In the first of our new Sector Briefing event series, we heard from three experts on what we can learn from the fast-paced world of beauty.

To kick off our new Sector Briefing event series, we set our focus on exploring new ideas and innovations from specific industries, starting of by delving into the world of beauty.
 
The days where a few big players dominated the beauty industry are long gone. Today, over 80% of the market is made up of small, mid-level and start-up brands, all vying for attention and competing to produce the most innovative products, services and campaigns in the shortest times. From new subscription and membership models, to augmented reality apps, and the enormous impact of beauty bloggers, vloggers and Instagrammers — the way we discover, try and buy beauty products has radically changed over the last five years. And according to data and analytics firm Global Data, it's a sector that's set to grow rapidly over the next five years.

Joined on Friday morning at Shoreditch House’s Library by a panel of experts, we discovered what's driving the biggest changes to this industry, explored emerging trends, and found out how companies big and small are creatively responding to these changes. Guest on this event’s panel were:

Kat Towers, Head of Culture at design studio LOVE, a collective in the heart of Manchester. Kat shared ideas from her research into ‘hacking fast-beauty’, and explain how she helps brands to stay agile in this fast-paced space, and to gain inspiration by looking sideways at what beauty sector innovators are doing.  

Karinna Nobbs, Chief Futurist at Holition, a creative technology agency in London which specialises in consumer experience innovation across the beauty, luxury and fashion sectors. Holition has developed omnichannel augmented reality solutions for trying on make-up, and works globally with beauty brands such as Charlotte Tilbury, Rimmel and Shiseido.

Rachel Humphrey, PR & Strategic Partnerships Director at the beauty subscription service Birchbox UK, which offers a personalised way to discover and shop for new beauty products online, and in recent years has opened physical stores in New York, Paris and London.

Here’s what we learned.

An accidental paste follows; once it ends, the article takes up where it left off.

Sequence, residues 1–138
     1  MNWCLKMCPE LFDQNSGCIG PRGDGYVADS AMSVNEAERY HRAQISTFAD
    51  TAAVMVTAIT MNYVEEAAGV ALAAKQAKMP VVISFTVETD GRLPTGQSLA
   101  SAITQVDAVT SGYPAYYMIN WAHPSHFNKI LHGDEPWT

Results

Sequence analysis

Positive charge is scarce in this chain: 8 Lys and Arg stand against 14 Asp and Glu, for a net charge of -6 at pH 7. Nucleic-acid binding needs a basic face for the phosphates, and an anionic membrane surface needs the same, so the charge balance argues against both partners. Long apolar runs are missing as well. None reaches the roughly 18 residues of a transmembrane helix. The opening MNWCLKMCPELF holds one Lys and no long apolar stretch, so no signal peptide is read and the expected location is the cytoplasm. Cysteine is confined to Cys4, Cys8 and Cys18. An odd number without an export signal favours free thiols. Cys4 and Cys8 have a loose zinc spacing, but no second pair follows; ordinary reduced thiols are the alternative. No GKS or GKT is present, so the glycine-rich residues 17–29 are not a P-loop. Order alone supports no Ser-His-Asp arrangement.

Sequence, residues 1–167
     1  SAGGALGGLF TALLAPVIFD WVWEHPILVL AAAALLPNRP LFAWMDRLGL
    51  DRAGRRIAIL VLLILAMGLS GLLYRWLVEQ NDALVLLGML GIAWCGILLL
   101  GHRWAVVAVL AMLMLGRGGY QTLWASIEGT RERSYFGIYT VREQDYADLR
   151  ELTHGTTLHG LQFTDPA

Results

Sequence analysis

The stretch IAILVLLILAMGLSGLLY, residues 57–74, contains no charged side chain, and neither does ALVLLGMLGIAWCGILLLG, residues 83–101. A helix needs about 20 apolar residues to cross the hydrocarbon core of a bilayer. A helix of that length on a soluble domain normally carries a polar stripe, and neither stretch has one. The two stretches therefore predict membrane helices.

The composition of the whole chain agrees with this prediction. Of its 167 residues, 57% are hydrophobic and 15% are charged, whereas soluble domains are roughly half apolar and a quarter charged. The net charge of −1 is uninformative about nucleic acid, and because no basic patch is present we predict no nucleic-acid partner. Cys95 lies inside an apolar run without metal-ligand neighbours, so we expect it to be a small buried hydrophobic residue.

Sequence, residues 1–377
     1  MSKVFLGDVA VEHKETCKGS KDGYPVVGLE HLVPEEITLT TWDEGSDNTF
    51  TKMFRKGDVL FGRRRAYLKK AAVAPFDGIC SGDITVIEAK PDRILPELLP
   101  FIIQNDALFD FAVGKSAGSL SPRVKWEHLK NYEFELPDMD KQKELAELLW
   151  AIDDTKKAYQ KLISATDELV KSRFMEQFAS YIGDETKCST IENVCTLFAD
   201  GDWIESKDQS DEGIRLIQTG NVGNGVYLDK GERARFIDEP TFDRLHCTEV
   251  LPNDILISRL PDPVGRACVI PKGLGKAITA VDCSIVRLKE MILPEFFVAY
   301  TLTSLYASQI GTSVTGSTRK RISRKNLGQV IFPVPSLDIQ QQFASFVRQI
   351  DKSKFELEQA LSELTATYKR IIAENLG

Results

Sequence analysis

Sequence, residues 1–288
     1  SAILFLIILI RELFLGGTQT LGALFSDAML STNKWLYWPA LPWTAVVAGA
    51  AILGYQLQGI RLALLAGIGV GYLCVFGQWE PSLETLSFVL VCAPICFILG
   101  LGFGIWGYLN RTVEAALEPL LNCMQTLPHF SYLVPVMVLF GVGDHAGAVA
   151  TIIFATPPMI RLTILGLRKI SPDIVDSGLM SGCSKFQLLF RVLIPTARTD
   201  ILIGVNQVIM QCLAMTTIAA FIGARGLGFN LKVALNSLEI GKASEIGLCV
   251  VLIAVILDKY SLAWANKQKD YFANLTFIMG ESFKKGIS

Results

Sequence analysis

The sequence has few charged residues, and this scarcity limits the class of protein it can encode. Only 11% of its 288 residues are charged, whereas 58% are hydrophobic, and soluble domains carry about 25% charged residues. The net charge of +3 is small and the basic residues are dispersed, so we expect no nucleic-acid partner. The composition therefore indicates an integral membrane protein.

Challenger brands are serving up fast beauty

Kat from Love began by emphasising that, in today’s beauty market, established brands are threatened by the rise of ‘challenger brands’. As a result, they are looking for new and innovative ways to compete, and keep up with the relentless pace of today's beauty consumer. She listed some of the ways in which challenger brands are successfully dishing out fast beauty to their audiences and coming out on top: fearless innovation, on-point personalisation, utilising influencers on social media, staying on top of cultural trends, and the idea of the challenger brand being the decision maker. She explained that ‘fearless innovation’ is when challenger brands go “where established brands are too scared to go”, citing Milk Makeup's innovation around cannabis culture by launching cannabis oil-based products. She also referenced Beauty Pie as a brand “changing the whole face of the beauty business” with its memberships, which allow consumers to access cost-price beauty: “It cuts out the middleman, and you can buy lipstick for less than a latte”.

Staying culturally relevant

Knowing your consumer and what they're tuned into is key, said Kat, as proven by the recent launch of Glossier’s Lid Star eyeshadow. Glossier seeded its new product with as many celebrities as possible to coincide with awards season, when people would be online looking at events such as the Oscars for fashion and beauty inspiration. “This is the difference between culture and marketing. We think about consumers, but they don’t think in terms of 360-degree marketing — they just live 365 days a year.”

Harnessing digital platforms

The YouTube beauty category rose from 55 billion to 88 billion subscribers last year, Kat pointed out, and it's largely challenger brands that are harnessing these digital platforms. Often, their strategy involves creating products that lend themselves to being shared on social media, for instance in 'unboxing' videos. She explained, “beauty trends and cult products are born on social media before they’ve even launched. Beauty enthusiasts are always looking for content to fuel their digital lives”. 

Social also provides an invaluable tool for building and connecting with an online community. “One of the challenges we have with established beauty brands is they have lost their connection with their consumers”. Challenger brands like Kylie Cosmetics are masters of “no-marketing marketing”, with their ability to make their websites crash simply by promoting new products on their Instagram feeds. 

Looking for gaps in consumer experience

Sharing the motivation behind challenger brand Birchbox, Rachel Humphrey explained that then when founders Katia Beauchamp and Hayley Barna set up the brand in 2010, they identified three customer pain-points, which were essential to informing the company's business model.